Friday, October 26, 2012

Forgotten Books: Raider of the Seas - Warren Hastings Miller


Despite all the pulps I've read over the past 45 years or so, there are still a lot of pulp authors whose work I've never sampled. Until recently, Warren Hastings Miller fell into that category. I'm not sure I'd ever even heard of him until Tom Roberts of Black Dog Books published a volume of Miller's South Seas adventure yarns called RAIDER OF THE SEAS, which is now available in an e-book edition as well as its original print edition. Roberts provides an excellent introduction about Miller's life and work.

The stories in RAIDER OF THE SEAS feature Jim Colvin, the big, two-fisted captain of a tramp steamer, and his small but smart and scrappy chief engineer Johnny Pedlow. They encounter a dangerous array of pirates, wreckers, feuding sultans, and murderous natives but survive by a combination of courage, cunning, and fighting prowess.

A pair of unusual women also play important roles in these tales. Miss Jessie, who by her description sounds a lot like Aunt Bee from THE ANDY GRIFFITH SHOW, is an American expatriate who can clean out a table full of tough sailors at poker or use a rifle to gun down a marauding pirate with equal coolness and skill. Lai Choi San is based on an actual female Malay pirate who also served as the model for Milton Caniff's classic character The Dragon Lady a few years after these stories of Miller's were published originally in the pulps FRONTIER STORIES and ALL-FICTION. (One side note: FRONTIER STORIES, which later became a Western pulp, started out as a magazine featuring stories in exotic settings all over the world, not just the Old West.)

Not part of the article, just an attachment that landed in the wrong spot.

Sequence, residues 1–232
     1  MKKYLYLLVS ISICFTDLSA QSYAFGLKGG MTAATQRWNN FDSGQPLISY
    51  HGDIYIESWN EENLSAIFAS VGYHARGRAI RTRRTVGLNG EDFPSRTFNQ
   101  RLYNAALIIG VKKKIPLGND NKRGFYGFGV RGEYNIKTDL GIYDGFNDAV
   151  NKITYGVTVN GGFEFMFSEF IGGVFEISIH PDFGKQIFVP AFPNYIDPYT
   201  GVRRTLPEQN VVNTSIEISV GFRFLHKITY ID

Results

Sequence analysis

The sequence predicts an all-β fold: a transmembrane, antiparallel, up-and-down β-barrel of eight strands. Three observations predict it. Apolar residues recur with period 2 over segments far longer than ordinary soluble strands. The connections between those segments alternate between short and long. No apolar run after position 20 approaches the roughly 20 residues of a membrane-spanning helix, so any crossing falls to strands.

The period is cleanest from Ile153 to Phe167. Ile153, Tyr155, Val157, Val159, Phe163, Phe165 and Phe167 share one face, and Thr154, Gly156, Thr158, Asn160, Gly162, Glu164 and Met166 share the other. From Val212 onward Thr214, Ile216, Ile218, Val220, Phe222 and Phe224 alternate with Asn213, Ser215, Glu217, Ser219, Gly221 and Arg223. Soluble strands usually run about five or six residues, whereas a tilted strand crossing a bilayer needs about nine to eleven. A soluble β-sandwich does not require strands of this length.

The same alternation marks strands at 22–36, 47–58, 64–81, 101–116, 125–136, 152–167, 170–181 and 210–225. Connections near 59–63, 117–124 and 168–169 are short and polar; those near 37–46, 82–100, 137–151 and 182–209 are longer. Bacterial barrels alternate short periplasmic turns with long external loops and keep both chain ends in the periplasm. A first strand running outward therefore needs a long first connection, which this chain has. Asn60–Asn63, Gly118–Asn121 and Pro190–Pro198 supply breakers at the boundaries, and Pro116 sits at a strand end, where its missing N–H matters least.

Miller's style isn't fancy, nor are his plots complicated. But the stories race ahead with the sort of driving urgency that the pulps did so well, and they have an undeniable air of authenticity. Miller was personally familiar with these settings and was an expert on boats and sailing, including so much detail that sometimes a non-sailor like me doesn't really know what he's talking about. It's all clear enough from context, though, and anyway, the action doesn't slow down long enough to worry about things like that.
I don't know if any more collections of Miller's stories are in the works, but I'll certainly read them if they are. I really enjoyed RAIDER OF THE SEAS and give it a high recommendation.

2 comments:

Walker Martin said...

I've read some of Miller's fiction in BLUEBOOK but I don't believe I've read these stories. It looks like the collection is worth getting for the introduction also.

Tom Roberts and Black Dog Books are doing some excellent pulp reprints.

Richard R. said...

Dang, another Black Dog collection I gotta have. I'm not going to catch up if you keep posting this stuff, James.